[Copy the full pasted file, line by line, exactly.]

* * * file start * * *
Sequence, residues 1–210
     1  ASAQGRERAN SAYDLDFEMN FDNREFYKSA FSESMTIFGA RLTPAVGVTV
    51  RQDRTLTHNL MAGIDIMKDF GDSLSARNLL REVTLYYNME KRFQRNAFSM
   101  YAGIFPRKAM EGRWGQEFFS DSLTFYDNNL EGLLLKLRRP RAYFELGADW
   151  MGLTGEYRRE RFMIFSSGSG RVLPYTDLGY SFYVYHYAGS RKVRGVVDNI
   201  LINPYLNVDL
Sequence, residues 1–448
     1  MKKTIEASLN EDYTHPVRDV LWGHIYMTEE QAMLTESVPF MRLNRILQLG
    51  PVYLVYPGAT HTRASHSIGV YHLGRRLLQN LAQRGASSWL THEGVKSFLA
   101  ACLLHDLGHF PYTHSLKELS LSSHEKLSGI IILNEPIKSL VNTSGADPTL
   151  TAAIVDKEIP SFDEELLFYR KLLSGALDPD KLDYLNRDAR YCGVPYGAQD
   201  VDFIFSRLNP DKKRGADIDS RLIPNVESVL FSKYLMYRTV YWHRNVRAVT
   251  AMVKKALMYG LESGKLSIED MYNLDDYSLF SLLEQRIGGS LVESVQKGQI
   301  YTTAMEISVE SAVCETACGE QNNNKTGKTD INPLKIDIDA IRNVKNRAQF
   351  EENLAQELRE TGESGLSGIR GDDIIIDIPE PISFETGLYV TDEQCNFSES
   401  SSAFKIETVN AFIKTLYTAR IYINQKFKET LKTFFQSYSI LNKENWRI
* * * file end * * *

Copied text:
Sequence, residues 1–210
     1  ASAQGRERAN SAYDLDFEMN FDNREFYKSA FSESMTIFGA RLTPAVGVTV
    51  RQDRTLTHNL MAGIDIMKDF GDSLSARNLL REVTLYYNME KRFQRNAFSM
   101  YAGIFPRKAM EGRWGQEFFS DSLTFYDNNL EGLLLKLRRP RAYFELGADW
   151  MGLTGEYRRE RFMIFSSGSG RVLPYTDLGY SFYVYHYAGS RKVRGVVDNI
   201  LINPYLNVDL
Sequence, residues 1–448
     1  MKKTIEASLN EDYTHPVRDV LWGHIYMTEE QAMLTESVPF MRLNRILQLG
    51  PVYLVYPGAT HTRASHSIGV YHLGRRLLQN LAQRGASSWL THEGVKSFLA
   101  ACLLHDLGHF PYTHSLKELS LSSHEKLSGI IILNEPIKSL VNTSGADPTL
   151  TAAIVDKEIP SFDEELLFYR KLLSGALDPD KLDYLNRDAR YCGVPYGAQD
   201  VDFIFSRLNP DKKRGADIDS RLIPNVESVL FSKYLMYRTV YWHRNVRAVT
   251  AMVKKALMYG LESGKLSIED MYNLDDYSLF SLLEQRIGGS LVESVQKGQI
   301  YTTAMEISVE SAVCETACGE QNNNKTGKTD INPLKIDIDA IRNVKNRAQF
   351  EENLAQELRE TGESGLSGIR GDDIIIDIPE PISFETGLYV TDEQCNFSES
   401  SSAFKIETVN AFIKTLYTAR IYINQKFKET LKTFFQSYSI LNKENWRI